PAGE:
Free Headline Alerts     
Worldwide Web


Friday, May 6, 2011     INTELLIGENCE BRIEFING

Bin Laden said to have directed Al Qaida ops from Pakistan compound

WASHINGTON — The U.S. intelligence community has been revising its assessment regarding Osama Bin Laden's role in Al Qaida.


Officials said the CIA and Defense Intelligence Agency have been pouring over material found in Bin Laden's compound in Pakistan. They said the material, including hard drives, thumb drives and fiber-optics, suggest that Bin Laden helped direct major operations throughout the Middle East.

"For years, we thought Bin Laden provided inspiration and long ended direct contact with terror cells," an official said. "There is now strong evidence to suggest that he was far more active than that."

Also In This Edition

Bin Laden's home, raided on May 1 in an operation in which he was killed, was said to have contained advanced equipment, including five computers, 100 remote electronic storage devices, and 10 hard drives to communicate with networks in Africa and Asia. Officials said the compound contained a multi-media studio used by Bin Laden to produce audio and video messages to key operatives.

Officials said Bin Laden was believed to have relayed directives to virtually all Al Qaida networks. They said Al Qaida was in contact with networks in the Gulf, Horn of Africa, North Africa, East Asia and Chechnya.

"He was an inspirational and operational leader," House Intelligence Committee chairman Rep. Mike Rogers said.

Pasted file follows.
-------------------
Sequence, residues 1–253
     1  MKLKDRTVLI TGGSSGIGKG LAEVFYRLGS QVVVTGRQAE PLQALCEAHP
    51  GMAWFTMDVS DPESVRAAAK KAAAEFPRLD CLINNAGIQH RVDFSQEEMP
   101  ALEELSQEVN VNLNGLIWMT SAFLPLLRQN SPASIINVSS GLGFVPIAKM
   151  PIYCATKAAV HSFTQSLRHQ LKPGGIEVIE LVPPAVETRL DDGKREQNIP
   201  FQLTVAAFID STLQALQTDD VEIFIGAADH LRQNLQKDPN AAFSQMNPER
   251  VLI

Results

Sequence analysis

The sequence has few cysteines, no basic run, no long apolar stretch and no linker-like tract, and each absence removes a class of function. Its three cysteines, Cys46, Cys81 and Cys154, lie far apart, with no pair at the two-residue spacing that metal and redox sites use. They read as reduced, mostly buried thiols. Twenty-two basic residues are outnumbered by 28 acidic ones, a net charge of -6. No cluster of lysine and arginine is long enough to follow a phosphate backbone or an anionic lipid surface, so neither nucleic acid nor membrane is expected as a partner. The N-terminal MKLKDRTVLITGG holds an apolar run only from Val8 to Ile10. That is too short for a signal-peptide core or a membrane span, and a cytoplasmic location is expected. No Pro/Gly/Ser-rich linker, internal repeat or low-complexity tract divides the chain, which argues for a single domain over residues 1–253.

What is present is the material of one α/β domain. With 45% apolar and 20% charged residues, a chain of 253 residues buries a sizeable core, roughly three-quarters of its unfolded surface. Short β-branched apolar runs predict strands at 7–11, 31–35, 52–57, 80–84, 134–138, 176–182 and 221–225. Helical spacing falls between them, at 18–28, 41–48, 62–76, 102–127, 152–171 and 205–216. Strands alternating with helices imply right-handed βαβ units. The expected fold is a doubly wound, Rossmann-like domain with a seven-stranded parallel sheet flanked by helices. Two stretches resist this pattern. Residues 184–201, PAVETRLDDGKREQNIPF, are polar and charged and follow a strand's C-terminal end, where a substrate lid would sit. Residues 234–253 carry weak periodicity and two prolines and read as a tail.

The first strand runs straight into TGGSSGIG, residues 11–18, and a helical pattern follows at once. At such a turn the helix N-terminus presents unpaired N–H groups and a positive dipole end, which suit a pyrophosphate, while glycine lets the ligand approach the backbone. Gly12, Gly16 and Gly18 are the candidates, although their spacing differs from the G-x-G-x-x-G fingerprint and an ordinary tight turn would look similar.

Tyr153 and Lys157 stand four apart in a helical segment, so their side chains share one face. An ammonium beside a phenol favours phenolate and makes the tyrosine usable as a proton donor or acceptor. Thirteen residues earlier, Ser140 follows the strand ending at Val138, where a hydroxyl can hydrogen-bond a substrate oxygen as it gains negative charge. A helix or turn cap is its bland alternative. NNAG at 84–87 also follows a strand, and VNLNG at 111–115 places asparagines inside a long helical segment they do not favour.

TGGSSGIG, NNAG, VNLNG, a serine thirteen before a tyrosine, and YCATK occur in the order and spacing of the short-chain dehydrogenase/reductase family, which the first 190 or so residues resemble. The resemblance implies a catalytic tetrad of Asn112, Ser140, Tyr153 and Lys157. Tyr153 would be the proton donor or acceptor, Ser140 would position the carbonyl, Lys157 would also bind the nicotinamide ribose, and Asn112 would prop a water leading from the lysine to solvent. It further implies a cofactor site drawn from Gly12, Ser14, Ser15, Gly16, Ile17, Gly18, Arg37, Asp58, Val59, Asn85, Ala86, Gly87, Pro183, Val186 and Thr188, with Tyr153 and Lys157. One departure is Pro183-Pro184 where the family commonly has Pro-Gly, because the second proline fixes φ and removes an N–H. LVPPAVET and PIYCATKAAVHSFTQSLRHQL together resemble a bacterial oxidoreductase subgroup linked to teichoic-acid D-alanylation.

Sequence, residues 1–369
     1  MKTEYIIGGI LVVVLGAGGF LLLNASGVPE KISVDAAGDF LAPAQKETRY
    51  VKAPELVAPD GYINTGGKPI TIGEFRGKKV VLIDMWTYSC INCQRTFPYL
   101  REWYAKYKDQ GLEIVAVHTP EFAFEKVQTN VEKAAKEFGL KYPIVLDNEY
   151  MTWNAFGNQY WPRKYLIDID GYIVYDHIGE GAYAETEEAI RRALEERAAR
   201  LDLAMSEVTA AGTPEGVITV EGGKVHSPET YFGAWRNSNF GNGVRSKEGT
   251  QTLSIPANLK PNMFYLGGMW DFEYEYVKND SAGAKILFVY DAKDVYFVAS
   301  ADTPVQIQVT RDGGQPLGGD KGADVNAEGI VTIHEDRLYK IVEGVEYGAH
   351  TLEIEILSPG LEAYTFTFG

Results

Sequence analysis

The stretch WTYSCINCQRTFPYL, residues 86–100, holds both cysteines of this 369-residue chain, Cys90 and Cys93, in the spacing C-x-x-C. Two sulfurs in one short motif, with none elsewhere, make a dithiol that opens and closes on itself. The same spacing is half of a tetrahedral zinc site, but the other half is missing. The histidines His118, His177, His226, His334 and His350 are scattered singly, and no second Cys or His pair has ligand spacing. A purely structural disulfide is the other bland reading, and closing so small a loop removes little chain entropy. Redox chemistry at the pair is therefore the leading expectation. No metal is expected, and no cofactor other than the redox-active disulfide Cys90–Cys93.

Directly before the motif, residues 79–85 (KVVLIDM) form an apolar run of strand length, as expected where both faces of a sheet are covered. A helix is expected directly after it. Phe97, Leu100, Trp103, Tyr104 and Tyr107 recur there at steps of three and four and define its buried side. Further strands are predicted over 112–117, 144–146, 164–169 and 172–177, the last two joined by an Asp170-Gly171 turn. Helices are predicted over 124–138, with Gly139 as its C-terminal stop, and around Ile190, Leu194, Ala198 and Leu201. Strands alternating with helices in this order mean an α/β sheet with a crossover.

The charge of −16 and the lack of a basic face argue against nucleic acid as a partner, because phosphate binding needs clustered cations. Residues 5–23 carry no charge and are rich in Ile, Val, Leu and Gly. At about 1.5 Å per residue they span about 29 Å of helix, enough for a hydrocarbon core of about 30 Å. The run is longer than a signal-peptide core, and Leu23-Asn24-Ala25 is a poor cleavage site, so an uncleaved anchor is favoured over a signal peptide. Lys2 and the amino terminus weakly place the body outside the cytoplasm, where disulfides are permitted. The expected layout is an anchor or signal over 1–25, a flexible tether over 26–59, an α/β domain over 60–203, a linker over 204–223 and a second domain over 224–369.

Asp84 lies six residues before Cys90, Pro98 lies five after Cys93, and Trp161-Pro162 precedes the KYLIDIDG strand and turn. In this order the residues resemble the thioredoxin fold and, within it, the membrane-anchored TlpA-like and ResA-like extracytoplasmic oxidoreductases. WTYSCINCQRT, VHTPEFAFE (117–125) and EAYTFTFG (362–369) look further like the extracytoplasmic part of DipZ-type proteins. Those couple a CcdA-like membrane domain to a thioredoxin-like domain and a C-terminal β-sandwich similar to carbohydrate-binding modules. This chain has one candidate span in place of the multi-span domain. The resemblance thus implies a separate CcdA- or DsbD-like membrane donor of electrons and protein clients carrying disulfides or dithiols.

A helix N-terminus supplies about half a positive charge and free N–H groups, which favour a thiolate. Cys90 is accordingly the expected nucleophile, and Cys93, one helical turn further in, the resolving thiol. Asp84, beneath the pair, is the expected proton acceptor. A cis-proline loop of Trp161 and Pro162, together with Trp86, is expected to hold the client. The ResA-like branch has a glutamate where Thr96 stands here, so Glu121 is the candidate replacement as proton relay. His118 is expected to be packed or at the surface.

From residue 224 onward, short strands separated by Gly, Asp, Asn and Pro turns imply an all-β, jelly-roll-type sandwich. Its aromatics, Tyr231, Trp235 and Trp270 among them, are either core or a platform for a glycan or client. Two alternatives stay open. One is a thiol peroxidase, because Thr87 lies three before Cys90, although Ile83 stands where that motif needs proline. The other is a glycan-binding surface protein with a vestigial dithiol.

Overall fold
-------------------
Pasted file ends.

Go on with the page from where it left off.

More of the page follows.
Officials said Bin Laden might have been closest to Al Qaida in the Arabian Peninsula, which focused on Saudi Arabia and Yemen. Over the last 18 months, AQAP staged three attempts to bomb U.S. airliners.

"If there is any retaliation in the short-term, I think it will come from AQAP," former House Intelligence Committee chairman Peter Hoekstra said on May 5.

The White House has acknowledged that Bin Laden's compound could contain clues that would help capture his deputy, Ayman Zawahiri. Officials did not discount that Bin Laden had been planning major attacks from his haven near Islamabad.

"First of all and most importantly in any case is any evidence of planned attacks," White House spokesman Jay Carney said. "Second would be information that could lead to other high-value targets or other networks that exist that maybe we don’t know about or that we only know a little bit about. And then, you know, third and more broadly, on the Al Qaida network itself and in the sustaining network for Bin Laden in Pakistan — what allowed him to live in that compound for as long as he did."

About Us     l    Privacy     l     l
Copyright © 2011    East West Services, Inc.    All rights reserved.